Spanish as a Third Language

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Introduction

This document is complementary to the Spanish as a Third Language program at the secondary level. It is intended to help teachers with their lesson planning and specifies the knowledge that the students must acquire and be able to use during Secondary Cycle Two.1 It comprises seven sections that contain the elements of knowledge required to develop oral and written competencies in Spanish. Each section consists of a brief introduction that provides an overview of what the students are expected to learn and a table that provides details on this knowledge and its progression throughout Secondary Cycle Two.

Students who start studying Spanish in secondary school generally have very limited or no knowledge of the language, and their immediate environment offers little opportunity to interact with Spanish speakers. The classroom is therefore the place where they will do most of their learning. It will be mainly through constant exposure to Spanish in communication situations that are as varied and authentic as possible that students will be able to develop their competencies in this language.

Learning a third language relies heavily on prior language learning in a first and second language. Thus, by reinvesting the strategies and knowledge acquired in these languages, students will find it easier to learn Spanish and will begin to reflect on their language learning. Transferring prior learning in another language to Spanish does not always happen automatically, and the teacher will play a key role in helping students accomplish this transfer.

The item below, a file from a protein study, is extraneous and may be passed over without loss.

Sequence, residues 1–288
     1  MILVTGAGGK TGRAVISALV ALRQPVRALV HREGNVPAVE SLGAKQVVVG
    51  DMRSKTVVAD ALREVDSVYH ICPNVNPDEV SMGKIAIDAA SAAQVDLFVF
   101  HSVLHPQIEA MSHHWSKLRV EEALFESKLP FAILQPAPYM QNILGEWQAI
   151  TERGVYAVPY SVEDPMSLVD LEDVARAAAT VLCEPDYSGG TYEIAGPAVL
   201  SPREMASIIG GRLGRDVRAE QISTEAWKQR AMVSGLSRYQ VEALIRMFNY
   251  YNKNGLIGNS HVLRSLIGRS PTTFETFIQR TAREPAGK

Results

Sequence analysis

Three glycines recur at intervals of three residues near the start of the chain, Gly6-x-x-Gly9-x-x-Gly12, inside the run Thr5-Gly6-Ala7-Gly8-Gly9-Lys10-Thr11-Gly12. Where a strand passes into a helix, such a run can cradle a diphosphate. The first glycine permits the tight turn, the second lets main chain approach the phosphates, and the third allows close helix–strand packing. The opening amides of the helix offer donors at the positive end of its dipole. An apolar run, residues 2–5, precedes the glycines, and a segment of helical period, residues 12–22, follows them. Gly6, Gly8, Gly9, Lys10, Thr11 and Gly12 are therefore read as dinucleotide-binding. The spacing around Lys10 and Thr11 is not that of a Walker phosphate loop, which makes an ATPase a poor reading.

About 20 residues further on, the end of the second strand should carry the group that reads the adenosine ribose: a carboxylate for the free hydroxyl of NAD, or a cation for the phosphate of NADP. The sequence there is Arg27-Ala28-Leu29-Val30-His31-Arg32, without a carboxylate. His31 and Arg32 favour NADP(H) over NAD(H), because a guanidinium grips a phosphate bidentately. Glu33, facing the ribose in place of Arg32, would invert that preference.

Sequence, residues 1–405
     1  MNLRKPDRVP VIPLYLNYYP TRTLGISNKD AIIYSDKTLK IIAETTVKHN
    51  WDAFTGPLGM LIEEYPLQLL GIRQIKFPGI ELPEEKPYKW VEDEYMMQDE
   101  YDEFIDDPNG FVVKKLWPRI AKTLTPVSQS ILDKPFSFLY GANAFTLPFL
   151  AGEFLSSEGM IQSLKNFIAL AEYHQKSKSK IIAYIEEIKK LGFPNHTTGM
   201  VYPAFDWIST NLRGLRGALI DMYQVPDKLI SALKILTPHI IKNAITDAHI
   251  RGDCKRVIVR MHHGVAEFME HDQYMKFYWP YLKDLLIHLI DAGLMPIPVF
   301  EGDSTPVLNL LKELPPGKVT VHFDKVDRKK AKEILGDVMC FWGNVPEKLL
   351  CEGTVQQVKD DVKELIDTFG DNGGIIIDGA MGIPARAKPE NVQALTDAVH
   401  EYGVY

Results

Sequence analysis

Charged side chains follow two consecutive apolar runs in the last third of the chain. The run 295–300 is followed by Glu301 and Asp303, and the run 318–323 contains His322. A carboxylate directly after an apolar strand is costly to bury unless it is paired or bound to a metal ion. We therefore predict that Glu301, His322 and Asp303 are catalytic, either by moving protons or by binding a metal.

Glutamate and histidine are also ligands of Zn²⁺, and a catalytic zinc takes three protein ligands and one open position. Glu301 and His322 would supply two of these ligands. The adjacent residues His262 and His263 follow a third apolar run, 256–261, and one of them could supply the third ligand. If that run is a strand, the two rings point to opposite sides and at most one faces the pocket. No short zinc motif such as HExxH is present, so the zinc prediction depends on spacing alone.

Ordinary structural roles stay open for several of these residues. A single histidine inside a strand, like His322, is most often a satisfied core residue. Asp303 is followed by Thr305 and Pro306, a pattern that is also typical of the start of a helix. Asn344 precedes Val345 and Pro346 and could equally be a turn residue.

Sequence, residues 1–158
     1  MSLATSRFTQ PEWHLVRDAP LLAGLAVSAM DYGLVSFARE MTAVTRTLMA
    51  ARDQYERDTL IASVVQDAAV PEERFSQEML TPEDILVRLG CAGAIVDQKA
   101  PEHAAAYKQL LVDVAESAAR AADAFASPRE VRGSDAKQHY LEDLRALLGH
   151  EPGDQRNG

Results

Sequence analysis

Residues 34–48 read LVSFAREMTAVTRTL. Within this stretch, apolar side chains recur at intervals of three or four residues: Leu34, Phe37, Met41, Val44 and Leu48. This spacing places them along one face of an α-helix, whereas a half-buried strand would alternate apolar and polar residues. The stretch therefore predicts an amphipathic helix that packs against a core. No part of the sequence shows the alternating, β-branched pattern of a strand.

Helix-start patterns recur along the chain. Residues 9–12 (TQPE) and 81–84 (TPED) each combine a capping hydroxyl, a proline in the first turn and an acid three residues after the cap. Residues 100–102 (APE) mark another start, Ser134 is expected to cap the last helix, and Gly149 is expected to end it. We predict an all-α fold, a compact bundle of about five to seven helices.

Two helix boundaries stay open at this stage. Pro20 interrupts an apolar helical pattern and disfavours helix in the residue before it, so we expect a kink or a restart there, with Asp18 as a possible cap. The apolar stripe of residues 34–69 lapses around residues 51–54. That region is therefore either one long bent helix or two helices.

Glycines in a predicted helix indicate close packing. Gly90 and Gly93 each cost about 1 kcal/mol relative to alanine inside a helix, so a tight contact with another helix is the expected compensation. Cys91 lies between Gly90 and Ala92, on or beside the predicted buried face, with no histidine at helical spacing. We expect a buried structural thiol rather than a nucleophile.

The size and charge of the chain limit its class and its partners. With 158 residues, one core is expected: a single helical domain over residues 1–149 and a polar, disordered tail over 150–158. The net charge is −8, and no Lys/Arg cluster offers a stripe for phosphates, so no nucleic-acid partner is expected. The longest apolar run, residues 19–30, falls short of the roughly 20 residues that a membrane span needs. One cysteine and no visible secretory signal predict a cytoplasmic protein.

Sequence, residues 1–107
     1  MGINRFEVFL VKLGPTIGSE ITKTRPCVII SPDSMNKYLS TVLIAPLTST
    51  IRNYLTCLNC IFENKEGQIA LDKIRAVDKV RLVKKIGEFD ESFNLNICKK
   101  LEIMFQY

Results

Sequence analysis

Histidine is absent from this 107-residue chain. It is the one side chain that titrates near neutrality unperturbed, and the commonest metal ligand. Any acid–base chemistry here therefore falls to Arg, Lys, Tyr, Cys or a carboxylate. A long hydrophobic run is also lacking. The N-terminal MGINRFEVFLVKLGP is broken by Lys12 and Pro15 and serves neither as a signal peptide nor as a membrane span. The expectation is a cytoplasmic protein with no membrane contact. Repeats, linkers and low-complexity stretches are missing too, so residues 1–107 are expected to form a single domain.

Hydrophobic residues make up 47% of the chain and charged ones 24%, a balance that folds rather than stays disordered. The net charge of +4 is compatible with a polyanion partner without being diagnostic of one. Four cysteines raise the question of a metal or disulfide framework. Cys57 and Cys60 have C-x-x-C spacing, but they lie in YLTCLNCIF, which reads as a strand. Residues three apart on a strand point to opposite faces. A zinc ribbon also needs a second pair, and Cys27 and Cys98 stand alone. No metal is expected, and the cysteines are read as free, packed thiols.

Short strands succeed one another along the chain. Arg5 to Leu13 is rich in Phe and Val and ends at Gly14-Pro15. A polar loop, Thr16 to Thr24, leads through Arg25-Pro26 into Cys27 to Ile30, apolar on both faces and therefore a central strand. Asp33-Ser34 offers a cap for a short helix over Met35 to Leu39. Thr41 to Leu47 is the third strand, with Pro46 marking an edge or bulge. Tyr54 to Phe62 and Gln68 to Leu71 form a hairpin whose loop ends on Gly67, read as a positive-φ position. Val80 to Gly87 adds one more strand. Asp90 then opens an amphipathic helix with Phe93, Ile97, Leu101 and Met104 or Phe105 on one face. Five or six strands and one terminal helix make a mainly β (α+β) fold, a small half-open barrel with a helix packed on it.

Second language acquisition is characterized by a spiral approach: students must be repeatedly exposed to concepts before they can assimilate and use them correctly. By drawing upon prior learning in different contexts and acquiring new knowledge, students will gradually develop their Spanish-language competencies. Through contact with increasingly complex texts, they will not only expand their vocabulary and repertoire of cultural references, but also develop their ability to use knowledge related to communication situations and to Spanish phonetics and grammar. They will also learn to use processes and strategies that allow them to become increasingly autonomous.

The knowledge presented in this document cannot be acquired in isolation. It is only within the framework of meaningful communication situations that students can assimilate this knowledge and learn to use it spontaneously. Learning a language is a long and complex process. Students must have multiple opportunities to use Spanish in a variety of contexts in order to acquire a functional knowledge of the language by the end of secondary school.

1.  The program was designed based on 100 hours of instruction a year.